Monday, 21 September 2015

Review: the first half of Mr Foote’s Other Leg, Hampstead

“Once more unto the breeches”

Such is the power of Simon Russell Beale that Mr Foote’s Other Leg sold out its run at the Hampstead Theatre before it had even opened and I wouldn’t be surprised to hear news of a West End transfer before too long, given the very good reviews I suspect it will get. So I’m setting out my stall now and saying that whilst it is good, I don’t think it is that good – indeed my companion for the evening found it sufficiently insufferable to demand we leave at the interval.

Beale plays Samuel Foote, an Oscar Wilde or Stephen Fry-like figure in Georgian London whose stock has risen in society to make him quite famous. But as things go up, so too must they come down and Ian Kelly’s play, based on his own biography of Foote, finds a connection with the modern obsession with celebrities and how their downfall is often celebrated as much as their success. From backstage at theatres to the heights of the Royal Society and indeed royal society, Foote soon finds out what happens when the shoe is on the other foot.

Richard Eyre plays the production with a very blunt and bawdy sense of humour and it is one that lost me at the start and once you’re in a theatre full of people laughing way more than you, it can be a bit of a dispiriting experience. And I have to say there’s something deeply uncomfortable about being in a very predominantly white middle-class audience roaring their heads off at a (historically accurate…) sequence involving actors in blackface, no matter how much you might try and Nunn-splain it away.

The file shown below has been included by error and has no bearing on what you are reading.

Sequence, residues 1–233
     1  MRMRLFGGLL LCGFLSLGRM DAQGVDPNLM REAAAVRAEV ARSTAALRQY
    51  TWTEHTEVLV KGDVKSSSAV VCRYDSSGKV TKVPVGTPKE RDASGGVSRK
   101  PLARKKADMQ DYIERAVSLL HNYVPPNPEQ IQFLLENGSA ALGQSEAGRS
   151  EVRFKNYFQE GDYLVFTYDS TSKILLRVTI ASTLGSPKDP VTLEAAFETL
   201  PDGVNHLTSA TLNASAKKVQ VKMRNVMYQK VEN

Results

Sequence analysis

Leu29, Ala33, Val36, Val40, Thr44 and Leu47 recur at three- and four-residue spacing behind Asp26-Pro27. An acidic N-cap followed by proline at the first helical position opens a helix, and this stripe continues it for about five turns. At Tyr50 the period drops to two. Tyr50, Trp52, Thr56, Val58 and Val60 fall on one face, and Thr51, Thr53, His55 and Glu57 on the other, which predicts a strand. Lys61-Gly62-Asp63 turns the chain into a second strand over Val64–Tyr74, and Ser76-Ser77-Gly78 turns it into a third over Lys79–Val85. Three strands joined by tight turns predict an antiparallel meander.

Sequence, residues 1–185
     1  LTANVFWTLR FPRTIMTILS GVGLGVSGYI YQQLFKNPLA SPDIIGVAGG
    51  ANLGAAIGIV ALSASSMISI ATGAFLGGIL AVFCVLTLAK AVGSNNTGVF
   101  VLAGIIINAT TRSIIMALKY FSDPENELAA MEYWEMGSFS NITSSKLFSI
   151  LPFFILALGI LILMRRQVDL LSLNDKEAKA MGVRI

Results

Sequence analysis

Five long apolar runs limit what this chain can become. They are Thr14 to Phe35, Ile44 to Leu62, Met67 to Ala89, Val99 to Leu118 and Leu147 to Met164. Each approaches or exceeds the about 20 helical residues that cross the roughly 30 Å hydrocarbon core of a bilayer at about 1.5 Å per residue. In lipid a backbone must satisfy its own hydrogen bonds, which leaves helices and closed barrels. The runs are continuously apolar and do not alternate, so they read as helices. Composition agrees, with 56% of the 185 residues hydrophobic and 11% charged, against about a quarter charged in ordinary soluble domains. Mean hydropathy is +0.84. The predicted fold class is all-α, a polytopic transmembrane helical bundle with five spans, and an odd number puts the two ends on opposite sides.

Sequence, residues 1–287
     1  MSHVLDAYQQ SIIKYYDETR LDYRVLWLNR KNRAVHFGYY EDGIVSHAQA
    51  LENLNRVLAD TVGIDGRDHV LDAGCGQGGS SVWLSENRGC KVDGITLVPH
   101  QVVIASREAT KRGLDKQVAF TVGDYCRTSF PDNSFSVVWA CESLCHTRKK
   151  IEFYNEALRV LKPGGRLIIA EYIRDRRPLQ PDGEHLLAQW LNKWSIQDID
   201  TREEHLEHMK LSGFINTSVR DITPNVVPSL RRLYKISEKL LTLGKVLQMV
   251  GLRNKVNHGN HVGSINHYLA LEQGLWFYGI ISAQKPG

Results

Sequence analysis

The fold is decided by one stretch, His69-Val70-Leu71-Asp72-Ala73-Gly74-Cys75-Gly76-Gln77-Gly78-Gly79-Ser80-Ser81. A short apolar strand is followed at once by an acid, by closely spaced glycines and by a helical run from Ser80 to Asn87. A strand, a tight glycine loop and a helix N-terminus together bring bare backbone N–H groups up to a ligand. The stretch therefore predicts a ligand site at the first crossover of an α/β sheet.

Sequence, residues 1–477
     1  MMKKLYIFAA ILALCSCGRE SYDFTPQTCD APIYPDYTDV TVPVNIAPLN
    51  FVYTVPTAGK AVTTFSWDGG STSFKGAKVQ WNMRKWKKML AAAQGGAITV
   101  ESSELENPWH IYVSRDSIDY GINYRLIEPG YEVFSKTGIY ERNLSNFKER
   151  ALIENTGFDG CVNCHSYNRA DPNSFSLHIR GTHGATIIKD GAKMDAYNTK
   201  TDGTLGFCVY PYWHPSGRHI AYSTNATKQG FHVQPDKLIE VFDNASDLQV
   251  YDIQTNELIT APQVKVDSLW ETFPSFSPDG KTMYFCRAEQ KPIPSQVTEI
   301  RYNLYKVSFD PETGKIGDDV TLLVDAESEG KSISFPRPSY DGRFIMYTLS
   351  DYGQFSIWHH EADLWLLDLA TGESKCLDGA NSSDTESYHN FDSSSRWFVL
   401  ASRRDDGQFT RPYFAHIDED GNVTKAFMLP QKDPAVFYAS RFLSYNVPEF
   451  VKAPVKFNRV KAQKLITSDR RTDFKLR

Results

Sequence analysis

So we can just chalk this one up as not for me (or Andrew for that matter). Beale is undoubtedly good, as are Dervla Kirwan and Joseph Millson, two actors I haven’t seen enough of, and Jenny Galloway gets a handful of cracking lines as under-appreciated theatre manager Mrs Garner and who knows, maybe the second act turns out to be amazing, or maybe I’m just pulling your leg. Either way, the amputation special of the Act 1 closer is certainly not for the squeamish. 

Running time: 2 hours 40 minutes (with interval)
Booking until 17th October, sold out but returns often pop up on the website

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